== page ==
How Khaleda Zia’s arrest makes London the new headquarters of Bangladesh opposition
Former Bangladeshi Prime Minister Khaleda Zia’s imprisonment has virtually turned London – roughly 8,000 km away from Dhaka – into the headquarters of the opposition Bangladesh Nationalist Party ahead of crucial national elections in the predominantly Muslim South Asian nation.
Last month, just before Zia was convicted and jailed in Dhaka on corruption charges, she appointed her London-based son and heir-apparent, Tarique Rahman, as acting chief of the BNP. Rahman has long been designated as Vice Chairman under his mother who is the Chairperson of Bangladesh’s principal opposition party. He lives in exile in London ever since United Kingdom granted him political asylum a decade ago.
Sources told Al Arabiya that Rahman is currently running the BNP’s day-to-day affairs in faraway Bangladesh from his luxurious residence-cum-office in Kingston upon Thames in suburban London issuing telephonic orders to Secretary General Mirza Fakhrul Islam Alamgir and Joint Secretary General Ruhul Kabir Rizvi amid growing uncertainty over Zia’s release on bail.
It seems that Rahman will have to provide long distance leadership indefinitely to his besieged party while his mother languishes in jail. BNP leaders are openly saying that the Prime Minister Sheikh Hasina-led Awami League government is bent on keeping Zia behind bars for as long as possible to weaken the BNP’s poll prospects.
They cite the month-long delay in granting Zia bail in the graft case and her simultaneous arrest in the Comilla arson case to keep her in jail at any cost. The government of course insists that the judiciary is independent and the law is taking its own course.
Significantly, London is also a safe haven for Jamaat-e-Islami party, a prominent BNP ally whose top leaders have been hanged by Hasina’s government after they were found guilty of war crimes by a tribunal whose bona fides are highly questionable according to many jurists.
Hounded in Bangladesh, Jamaatis liaise freely with Rahman in the safety London guarantees politicians of all hues. Any BNP comeback in Bangladesh will be fuelled by Jamaat cadres – and Rahman knows that too well.
Top Bangladeshi Islamist leaders living in London include Barrister Abdur Razzaq, Jamaat’s Assistant Secretary General who hasn’t visited Bangladesh since 2014 fearing arrest for defending the accused before the war crimes tribunal, although his two sons practice in Dhaka.
London is also home to Chowdhury Mueen-Uddin who was given the death sentence in absentia by the controversial tribunal. But he is so well integrated with London high society and acknowledged as a British Muslim leader that Dhaka hasn’t even tried to get him extradited.
Significantly, the reins of the Jamaat in politically sensitive London where it enjoys a huge following are in the hands of two relatively younger men: Barrister Nazrul Islam and Abu Bakar Molla. They are officially designated as spokespersons and engage regularly not only with Rahman and visiting BNP leaders but British and European Union MPs too.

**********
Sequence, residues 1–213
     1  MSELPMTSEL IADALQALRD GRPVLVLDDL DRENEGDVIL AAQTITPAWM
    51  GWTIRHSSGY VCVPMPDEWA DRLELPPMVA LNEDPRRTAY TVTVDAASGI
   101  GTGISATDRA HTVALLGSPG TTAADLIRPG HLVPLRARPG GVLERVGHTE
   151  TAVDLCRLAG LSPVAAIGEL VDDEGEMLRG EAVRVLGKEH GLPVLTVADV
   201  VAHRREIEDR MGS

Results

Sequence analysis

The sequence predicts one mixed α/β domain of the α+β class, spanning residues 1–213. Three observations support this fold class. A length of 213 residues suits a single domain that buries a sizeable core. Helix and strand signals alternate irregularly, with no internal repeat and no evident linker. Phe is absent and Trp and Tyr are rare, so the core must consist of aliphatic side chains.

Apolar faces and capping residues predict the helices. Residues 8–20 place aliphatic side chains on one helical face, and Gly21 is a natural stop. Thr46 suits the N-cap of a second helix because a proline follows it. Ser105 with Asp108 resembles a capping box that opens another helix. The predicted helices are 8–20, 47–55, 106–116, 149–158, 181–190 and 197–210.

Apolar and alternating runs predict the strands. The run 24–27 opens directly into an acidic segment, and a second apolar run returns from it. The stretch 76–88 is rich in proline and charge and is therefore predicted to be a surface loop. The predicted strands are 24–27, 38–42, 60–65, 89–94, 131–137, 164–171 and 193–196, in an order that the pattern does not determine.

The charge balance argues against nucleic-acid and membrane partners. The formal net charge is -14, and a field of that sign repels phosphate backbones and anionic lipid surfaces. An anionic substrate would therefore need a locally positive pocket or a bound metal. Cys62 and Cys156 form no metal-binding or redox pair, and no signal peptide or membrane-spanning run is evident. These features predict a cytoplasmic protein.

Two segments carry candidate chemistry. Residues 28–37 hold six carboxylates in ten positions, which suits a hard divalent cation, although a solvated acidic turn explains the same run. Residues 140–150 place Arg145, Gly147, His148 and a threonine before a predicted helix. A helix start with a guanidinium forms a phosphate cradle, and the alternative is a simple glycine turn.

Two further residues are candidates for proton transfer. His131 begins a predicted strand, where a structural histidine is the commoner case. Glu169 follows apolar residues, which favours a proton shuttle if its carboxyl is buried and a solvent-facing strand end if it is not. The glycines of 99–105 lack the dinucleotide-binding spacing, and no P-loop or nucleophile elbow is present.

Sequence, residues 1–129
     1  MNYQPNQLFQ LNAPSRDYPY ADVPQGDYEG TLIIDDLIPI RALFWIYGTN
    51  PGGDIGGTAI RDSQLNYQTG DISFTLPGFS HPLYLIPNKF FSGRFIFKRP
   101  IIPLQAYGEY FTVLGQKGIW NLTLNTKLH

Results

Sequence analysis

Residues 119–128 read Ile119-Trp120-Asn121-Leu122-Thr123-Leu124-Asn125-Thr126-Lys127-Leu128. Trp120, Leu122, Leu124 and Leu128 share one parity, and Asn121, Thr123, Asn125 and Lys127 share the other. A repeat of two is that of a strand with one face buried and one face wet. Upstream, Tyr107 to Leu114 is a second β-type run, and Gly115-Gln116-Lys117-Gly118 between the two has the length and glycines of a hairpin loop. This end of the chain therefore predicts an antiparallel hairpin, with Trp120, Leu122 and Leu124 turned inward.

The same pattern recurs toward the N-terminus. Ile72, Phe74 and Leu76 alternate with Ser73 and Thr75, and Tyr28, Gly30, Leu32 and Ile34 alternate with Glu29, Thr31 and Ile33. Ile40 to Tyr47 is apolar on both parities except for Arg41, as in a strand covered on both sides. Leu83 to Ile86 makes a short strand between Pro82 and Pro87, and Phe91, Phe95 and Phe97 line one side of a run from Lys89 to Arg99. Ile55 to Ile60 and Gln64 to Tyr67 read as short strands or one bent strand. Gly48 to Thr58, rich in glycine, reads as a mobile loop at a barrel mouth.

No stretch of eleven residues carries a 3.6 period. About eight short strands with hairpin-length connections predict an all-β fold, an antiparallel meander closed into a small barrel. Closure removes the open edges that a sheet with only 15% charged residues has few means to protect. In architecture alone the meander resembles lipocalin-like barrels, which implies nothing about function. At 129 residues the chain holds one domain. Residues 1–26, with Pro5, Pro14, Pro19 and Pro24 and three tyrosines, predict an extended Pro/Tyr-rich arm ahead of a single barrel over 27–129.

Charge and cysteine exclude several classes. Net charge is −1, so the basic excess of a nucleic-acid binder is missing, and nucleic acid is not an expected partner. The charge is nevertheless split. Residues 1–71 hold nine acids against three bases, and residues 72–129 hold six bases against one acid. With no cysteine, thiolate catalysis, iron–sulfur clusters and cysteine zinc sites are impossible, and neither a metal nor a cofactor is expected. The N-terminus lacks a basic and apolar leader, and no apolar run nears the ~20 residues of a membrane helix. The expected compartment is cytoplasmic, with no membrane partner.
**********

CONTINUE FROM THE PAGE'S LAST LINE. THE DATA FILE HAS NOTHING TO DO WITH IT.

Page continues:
Bangladesh is sharply polarized between Awami League and BNP but the latter seems to have a big edge among the diaspora in London.
Religious-cum-social nerve centre
Such is the hold of Jamaat-BNP over the East London Mosque – the community’s iconic religious-cum-social nerve centre – that those affiliated to the Awami League and even Bangladeshi diplomats posted in London keep a safe distance from the White Chapel institution.
There is no denying that Hasina’s government has badly cornered the opposition in Bangladesh but the BNP’s UK last month vandalized the Bangladesh High Commission to protest against Zia’s arrest.
Apparently, Zia is keen to import her London-based daughter-in-law, Zubaida, to assist her politically as Rahman is still a wanted man in Bangladesh. Zubaida, a qualified doctor, is the daughter of former Navy Chief M. A. Khan and is also related to Awami League Minister for Local Government, Khandker Mosharaf Hussain.
Zia’s desire is no longer a secret as the glamorous Zubaida has sought the opinion of her Facebook followers before plunging into politics. Britain has a rather long history of hosting political fugitives from South Asia. Sri Lankan Tamils, Kashmiris, Sikhs and Nagas from India and Pakistani Muhajirs have waged protracted battles against their governments from the safety of London.
Successive governments in the United Kingdom – whether run by Conservatives or Labor – have stood by Asian rebels and insurgents living in exile and fighting for a cause. As long as the fugitives don’t break British laws, they are well beyond the reach of their governments. And some of them are so lucky that they have British MPs loudly espousing their cause.